Although I always use fresh fruit, it could also be made with canned fruit as well.
Custard Filling:
Mix 1 c. sugar and 1-2 T. flour
Mix 1 eggs and 1 c. sour cream
Combine both  
Add 1 t. vanilla and spices as desired.  Depending on the fruit (or my mood), I may use ginger, cinnamon, cardamom or 5 spice...any one or any combination...about a teaspoon. I especially love cardamon.  It is next to impossible to mess up this recipe, so it is perfect for the visually impaired, young children, or any one in need of a last minute dessert.
Pour sour cream/sugar mix into an uncooked pie shell (I use a 12" tart pan).  Add fresh fruit (pears, apples, plums, peaches, etc.).  I like to arrange the fruit, but Aunt Margaret just chopped hers and it tasted just as good.  Bake at 375 degrees for 45 minutes.  (Optional): Once cooled I dust with XXX sugar and a few nuts.  

Sometimes I combine fruits... blueberries with peaches. apples with [lums,  and raspberries with rhubarb.  Once I added raisins soaked in brandy to an apple tart and topped with a streusel.  Ymumy

Not only is this recipe easy, it is beautiful and feeds about eight easily .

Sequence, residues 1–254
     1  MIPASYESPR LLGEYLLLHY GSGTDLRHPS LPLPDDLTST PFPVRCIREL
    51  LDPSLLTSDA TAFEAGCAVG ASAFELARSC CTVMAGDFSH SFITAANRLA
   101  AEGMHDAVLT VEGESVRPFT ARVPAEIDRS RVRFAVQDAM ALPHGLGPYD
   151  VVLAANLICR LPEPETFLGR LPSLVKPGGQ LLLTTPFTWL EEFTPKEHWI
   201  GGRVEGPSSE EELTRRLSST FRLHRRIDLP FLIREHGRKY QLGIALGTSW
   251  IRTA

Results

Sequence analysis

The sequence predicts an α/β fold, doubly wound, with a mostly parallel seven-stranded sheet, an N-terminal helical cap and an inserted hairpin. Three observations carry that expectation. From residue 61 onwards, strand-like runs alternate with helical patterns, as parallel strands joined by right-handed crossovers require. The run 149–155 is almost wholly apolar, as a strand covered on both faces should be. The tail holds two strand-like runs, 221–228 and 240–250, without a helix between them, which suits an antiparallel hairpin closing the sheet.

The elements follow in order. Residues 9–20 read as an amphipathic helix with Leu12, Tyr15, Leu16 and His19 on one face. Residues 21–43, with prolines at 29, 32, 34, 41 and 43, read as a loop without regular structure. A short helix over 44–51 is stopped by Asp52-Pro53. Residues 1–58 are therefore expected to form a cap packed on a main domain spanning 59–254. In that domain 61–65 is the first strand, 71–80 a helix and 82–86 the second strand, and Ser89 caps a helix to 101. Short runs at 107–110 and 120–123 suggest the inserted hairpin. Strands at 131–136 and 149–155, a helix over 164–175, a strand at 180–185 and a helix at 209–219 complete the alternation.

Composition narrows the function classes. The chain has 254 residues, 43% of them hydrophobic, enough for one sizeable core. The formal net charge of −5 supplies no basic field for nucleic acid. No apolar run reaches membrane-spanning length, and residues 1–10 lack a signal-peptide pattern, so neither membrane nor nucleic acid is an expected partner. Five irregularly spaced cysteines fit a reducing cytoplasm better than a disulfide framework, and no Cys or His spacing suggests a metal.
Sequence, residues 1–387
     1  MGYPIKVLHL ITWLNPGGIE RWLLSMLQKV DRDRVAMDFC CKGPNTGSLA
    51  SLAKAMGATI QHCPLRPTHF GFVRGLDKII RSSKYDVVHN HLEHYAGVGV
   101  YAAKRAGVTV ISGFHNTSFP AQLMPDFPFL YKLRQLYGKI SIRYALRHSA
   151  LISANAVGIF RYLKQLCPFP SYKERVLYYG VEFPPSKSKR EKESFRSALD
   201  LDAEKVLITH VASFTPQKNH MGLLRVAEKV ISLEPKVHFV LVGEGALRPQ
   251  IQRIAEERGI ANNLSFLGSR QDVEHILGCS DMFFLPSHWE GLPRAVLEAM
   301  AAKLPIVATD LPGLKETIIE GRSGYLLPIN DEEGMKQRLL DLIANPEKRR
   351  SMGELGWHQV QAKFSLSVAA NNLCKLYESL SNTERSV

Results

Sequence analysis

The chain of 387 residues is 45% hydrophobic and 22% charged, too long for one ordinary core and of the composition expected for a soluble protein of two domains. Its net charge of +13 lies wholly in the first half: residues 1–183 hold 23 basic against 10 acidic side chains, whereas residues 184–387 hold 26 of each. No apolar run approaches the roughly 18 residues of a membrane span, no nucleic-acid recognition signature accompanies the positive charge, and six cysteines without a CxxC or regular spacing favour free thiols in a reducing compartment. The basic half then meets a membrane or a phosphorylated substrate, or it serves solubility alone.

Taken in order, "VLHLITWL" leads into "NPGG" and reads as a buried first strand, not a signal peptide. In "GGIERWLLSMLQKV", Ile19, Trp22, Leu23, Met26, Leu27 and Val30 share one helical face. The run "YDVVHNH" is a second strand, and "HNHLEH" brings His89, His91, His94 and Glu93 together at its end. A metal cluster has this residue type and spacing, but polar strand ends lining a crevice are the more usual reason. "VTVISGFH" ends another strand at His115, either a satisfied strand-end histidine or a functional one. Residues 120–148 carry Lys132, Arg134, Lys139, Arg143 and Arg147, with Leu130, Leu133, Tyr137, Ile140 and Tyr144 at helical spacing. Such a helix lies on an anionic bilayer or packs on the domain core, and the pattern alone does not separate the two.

Don't call 911


As smoke is billowing from the house, one of the neighbo

rs says to another:  "Don't call 911, it's just Gerry cooking."  I consider any meal a success when I don't burn up a saucepan or set off the smoke alarms.  My stove has a digital control panel which I cannot see at all. 

I tried to memorize where specific controls were, but the  results were so hazardous that I gave up. One day I was going to cook some bacon on a cookie sheet in the oven. I thought I had set it on bake.  I had missed the mark and set it on broil.  Before long, the bacon was cremated, and the grease was on fire. Our smoke alarm not only makes a screeching, screaming noise, it actually yells "Fire, Fire!"  And to top that, we have two smoke alarms.  So the house was filling with smoke, the alarms were screeching and screaming, and I was trying to get the bacon out of the oven with an oven mitt. The oven mitt melted.  At this point I ran to get a neighbor to help, and he saved the day. Now I let somebody else set the oven for me.   After it was all over, I remembered the fire extinguisher in the pantry.

I still burn a saucepan or two.  So whenever I'm at a thrift store, I check the saucepans.  If there's a good one, I buy it . I know it's inevitable that before long I'll burn another one..  

My cooking style has changed with my declining eyesight.  All my life, cooking has been a joy.  Getting up in the morning and donning an apron was always a good day. I only try to do recipes that have a great leeway for measurements.  If I do try to make something that has specific measurements, I have DH do all the measuring before he leaves home.